Book Review: PLO QuickPro by John Beauprez

My Two-Minute Review: At $297 and nearly as many dense, 8.5 x 11 pages, John Beauprez’s PLO QuickPro Manual demands a substantial investment of time, money, and hard work. Those who put the effort in, though, will find a well-organized and -explained soup-to-nuts manual for mastering pot-limit omaha.

I imagine that most people’s first question, upon seeing the $297 price tag on John Beauprez’s PLO QuickPro Manual, is “What exactly am I getting for such a substantial investment?” The book consists of 283 extremely dense 8.5 x 11 pages – the word “manual” really is appropriate – covering everything from pre-flop hand selection to bluffing the river. Not that this would necessarily be a good idea, but if a complete PLO novice were to master the contents of this book without ever consulting another resource, he’d come away with a pretty sophisticated game.

One reason for this is that the author draws explicitly on many of the other leading PLO resources. His book is peppered with references to Hwang, Nguyen, and especially Chambers.

Of course a $300 poker book isn’t for everyone. Although Beauprez doesn’t assume much in the way of prior PLO knowledge, the PLO QuickPro Manual clearly expects its audience to have a sophisticated understanding of general poker concepts as well as the accompanying jargon. It’s not a book that you can skim or even read closely just once and expect to grasp. Personally I’ve been through it just once and know that a lot of the content went by unabsorbed.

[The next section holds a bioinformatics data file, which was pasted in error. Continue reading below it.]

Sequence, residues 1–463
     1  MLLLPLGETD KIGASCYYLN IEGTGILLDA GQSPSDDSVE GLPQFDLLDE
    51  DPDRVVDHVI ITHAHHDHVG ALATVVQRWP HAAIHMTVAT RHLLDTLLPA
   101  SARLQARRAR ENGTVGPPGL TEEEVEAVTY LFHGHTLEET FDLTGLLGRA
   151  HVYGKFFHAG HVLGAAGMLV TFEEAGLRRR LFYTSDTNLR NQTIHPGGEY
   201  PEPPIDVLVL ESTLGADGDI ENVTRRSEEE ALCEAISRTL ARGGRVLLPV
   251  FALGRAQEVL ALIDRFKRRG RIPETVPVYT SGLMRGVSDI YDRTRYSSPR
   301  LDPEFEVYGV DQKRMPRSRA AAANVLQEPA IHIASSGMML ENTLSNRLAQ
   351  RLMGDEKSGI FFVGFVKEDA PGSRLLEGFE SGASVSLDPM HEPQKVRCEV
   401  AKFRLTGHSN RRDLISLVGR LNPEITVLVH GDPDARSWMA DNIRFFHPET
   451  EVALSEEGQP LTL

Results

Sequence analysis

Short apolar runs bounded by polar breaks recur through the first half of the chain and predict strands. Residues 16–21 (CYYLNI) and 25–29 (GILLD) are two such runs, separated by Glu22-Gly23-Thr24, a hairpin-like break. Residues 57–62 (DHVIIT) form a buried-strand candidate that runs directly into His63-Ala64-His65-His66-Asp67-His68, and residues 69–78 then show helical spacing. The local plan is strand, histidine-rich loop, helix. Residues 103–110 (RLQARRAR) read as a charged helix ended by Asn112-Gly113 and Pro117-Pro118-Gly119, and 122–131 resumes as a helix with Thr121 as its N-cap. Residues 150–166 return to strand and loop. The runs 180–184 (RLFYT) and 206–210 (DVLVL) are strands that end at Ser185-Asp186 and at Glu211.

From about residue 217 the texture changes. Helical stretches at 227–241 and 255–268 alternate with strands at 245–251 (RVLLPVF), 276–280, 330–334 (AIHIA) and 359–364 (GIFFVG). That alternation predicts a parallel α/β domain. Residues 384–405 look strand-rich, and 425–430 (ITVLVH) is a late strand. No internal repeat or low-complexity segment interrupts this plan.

That’s not a knock on the writing. Beauprez explains himself clearly and makes good use of examples to illustrate key concepts and demonstrate how changing one element of a hand – a different turn card, say, or different behavior from an opponent – would lead to a different play. Everything is laid out clearly and logically. There’s simply a lot of complex information here.

A big question any poker writer faces is how to strike a balance between offering clear-cut, easy-to-follow advice and accounting for all of the nuance and exceptions, especially in a game with as many possibilities as pot-limit omaha. Beauprez comes down firmly on the side of complexity, which, in addition to the price tag, is what makes the PLO QuickPro Manual ill-suited to anyone who is only casually interested in learning the game. The “QuickPro” in the title isn’t really appropriate, because the book demands a substantial investment of both time and money.

Most of Beauprez’s examples come from online, 6-max PLO cash games, but the material is broad enough to apply to live, full-ring, and/or tournament contexts as well. This is largely because his focus is not on teaching a particular, exploitive style or strategy but rather on how to think through virtually any situation on any street. There’s nothing like a starting hand chart, for example, but rather a set of principles that should guide your opening, three-betting, and four-betting ranges depening on your opponents and table compositions.